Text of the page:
(Traffic Tales is an occasional feature looking at traffic congestion issues in Napa County. Readers are encouraged to contact reporter Barry Eberling with suggested stories.)
Napa County’s traffic saga can be seen through two lenses – people’s experience and the cold, hard numbers of traffic counts done over the decades.
They both tell stories of growth. But the numbers show that some sections of Napa Valley’s workhorse roads – Highway 29 and Silverado Trail – have seen far more growth than others.
Doug White, 48, grew up in St. Helena and lives in Napa. He recalled when he could drive between St. Helena and Napa in 20 minutes in the 1980s, rather than 45 minutes or more at times today.
Meanwhile, Silverado Trail has grown from a traffic escape route for locals avoiding Highway 29 to a crowded roadway, he said.
“I love the way Napa is changing, I think it’s great,” White said. “But there are days that are frustrating.”
David Jennings, 65, grew up in Napa. He remembers when the local freeway stretch of four-lane Highway 29 had two lanes crossed by local streets. Traffic just grows thicker and thicker, he said.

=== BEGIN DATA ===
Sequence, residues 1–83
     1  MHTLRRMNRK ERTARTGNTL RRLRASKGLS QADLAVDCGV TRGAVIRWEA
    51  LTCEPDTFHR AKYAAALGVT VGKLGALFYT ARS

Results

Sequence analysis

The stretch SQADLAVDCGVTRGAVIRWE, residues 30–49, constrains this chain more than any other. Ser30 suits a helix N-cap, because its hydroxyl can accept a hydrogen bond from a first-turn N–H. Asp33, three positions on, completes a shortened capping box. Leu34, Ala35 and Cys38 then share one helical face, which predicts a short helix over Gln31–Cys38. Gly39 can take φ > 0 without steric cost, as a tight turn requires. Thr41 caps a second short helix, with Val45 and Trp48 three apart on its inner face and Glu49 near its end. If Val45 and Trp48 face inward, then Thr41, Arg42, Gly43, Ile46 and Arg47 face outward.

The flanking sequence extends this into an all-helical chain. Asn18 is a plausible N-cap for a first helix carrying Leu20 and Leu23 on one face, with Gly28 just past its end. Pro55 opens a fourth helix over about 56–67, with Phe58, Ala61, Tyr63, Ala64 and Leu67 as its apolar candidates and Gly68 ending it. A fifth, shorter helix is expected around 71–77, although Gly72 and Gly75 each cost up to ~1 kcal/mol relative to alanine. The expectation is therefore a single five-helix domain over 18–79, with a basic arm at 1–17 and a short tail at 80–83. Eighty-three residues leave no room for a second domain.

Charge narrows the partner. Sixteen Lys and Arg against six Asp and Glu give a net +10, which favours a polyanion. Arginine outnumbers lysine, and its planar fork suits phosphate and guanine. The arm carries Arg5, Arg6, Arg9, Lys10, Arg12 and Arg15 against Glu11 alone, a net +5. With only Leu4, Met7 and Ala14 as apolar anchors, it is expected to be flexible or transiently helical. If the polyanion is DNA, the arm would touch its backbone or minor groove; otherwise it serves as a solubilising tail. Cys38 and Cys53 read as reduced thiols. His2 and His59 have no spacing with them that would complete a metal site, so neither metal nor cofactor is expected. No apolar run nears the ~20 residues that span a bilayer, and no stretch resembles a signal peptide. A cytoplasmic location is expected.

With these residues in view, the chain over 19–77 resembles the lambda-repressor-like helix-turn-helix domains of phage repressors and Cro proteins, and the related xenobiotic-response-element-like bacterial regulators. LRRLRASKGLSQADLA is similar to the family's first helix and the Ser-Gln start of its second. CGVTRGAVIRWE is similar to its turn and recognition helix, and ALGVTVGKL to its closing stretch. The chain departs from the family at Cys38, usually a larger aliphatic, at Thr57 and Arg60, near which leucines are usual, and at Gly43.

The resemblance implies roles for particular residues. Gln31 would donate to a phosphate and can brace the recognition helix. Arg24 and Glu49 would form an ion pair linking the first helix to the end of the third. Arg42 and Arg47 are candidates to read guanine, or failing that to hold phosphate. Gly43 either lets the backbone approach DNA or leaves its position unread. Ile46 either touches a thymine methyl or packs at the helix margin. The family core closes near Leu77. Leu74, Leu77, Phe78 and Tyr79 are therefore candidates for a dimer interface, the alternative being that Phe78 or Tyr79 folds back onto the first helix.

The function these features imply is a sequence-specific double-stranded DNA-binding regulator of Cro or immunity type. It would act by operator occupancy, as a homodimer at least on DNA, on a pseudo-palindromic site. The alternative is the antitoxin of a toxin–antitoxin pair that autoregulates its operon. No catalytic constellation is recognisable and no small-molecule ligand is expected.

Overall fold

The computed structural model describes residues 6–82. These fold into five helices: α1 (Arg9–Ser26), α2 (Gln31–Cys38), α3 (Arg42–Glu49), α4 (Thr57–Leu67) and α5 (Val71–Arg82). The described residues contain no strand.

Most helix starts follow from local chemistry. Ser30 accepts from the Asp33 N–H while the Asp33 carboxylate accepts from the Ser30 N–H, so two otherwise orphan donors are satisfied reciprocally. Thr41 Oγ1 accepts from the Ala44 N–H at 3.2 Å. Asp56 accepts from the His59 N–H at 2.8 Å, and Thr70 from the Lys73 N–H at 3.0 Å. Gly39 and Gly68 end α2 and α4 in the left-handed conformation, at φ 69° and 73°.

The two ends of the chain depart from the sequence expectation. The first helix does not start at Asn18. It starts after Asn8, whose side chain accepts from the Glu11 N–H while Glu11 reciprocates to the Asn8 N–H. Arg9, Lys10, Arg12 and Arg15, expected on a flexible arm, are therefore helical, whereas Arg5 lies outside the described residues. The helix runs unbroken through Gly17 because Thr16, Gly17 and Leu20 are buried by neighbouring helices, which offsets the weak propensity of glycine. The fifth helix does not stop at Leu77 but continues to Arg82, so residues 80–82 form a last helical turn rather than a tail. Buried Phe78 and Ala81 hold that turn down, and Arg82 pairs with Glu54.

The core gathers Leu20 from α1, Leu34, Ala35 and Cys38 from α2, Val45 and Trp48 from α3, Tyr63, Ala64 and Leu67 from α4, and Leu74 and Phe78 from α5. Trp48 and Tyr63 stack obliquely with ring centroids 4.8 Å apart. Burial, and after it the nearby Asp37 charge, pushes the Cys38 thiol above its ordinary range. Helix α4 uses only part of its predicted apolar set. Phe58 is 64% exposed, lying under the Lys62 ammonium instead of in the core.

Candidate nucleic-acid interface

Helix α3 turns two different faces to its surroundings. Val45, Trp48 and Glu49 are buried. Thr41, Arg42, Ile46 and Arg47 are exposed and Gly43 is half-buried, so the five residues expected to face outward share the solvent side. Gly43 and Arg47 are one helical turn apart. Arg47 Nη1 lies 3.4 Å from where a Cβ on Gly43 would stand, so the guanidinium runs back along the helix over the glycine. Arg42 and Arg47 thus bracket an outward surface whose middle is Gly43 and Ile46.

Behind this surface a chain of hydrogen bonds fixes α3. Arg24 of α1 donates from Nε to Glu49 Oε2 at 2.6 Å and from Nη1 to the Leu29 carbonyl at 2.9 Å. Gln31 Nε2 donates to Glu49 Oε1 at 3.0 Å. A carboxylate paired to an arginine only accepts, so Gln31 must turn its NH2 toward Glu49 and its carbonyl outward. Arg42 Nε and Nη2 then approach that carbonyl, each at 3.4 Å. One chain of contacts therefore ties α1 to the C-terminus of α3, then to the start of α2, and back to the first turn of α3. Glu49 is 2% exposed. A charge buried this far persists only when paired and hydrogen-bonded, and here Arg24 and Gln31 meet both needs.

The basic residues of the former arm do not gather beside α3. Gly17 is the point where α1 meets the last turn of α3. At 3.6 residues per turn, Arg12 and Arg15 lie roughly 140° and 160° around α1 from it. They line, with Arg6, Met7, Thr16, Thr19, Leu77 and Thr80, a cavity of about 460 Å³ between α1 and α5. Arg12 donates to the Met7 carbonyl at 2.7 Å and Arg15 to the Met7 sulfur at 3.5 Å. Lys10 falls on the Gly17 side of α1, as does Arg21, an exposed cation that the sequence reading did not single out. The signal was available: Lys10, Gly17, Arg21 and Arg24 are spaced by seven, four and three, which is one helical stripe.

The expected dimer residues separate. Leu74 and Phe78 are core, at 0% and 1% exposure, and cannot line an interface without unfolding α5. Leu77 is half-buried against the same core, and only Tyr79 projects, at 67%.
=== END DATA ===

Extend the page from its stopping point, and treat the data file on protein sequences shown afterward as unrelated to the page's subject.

“I try to avoid driving as much as possible in this town,” he said.
Traffic congestion is a ubiquitous topic in Napa County, kind of like the weather, a shared experience that can always be broached when the conversation starts to sputter.
But take warning—congestion conversations come with a certain amount of outrage. After all, this isn’t Los Angeles or the heart of the Bay Area. This is rural Napa County, the place with the agriculture preserve and the relaxing, wine country lifestyle.
The state Department of Transportation for decades has kept Highway 29 traffic counts. Numbers have grown dramatically over the past quarter-century, though not at all locations over the shorter timeframe of the past decade.
Highway 29 at American Canyon Road in 1993 had an average of 31,000 vehicles daily. That exploded to 50,000 in 2005, fell to 41,500 in 2010, then rebounded to 48,500 in 2015.
Trends there seem influenced both by population growth and by the economy, with a dip during the Great Recession. The bottom line is that anyone traveling through American Canyon during evening rush-hour might end up with a frustrating, bumper-to-bumper experience.
The highway at First Street in the city of Napa, on the other hand, is the county’s most consistent growth hot spot. The daily average of 46,000 vehicles in 1993 became 58,000 in 2005, 59,000 in 2010 and 68,000 in 2015.
Despite the unrelenting growth, this stretch of Highway 29 has avoided becoming a gridlock ground zero. That’s because it’s a four-lane freeway with interchanges instead of stop signals. Traffic alone doesn’t equal congestion.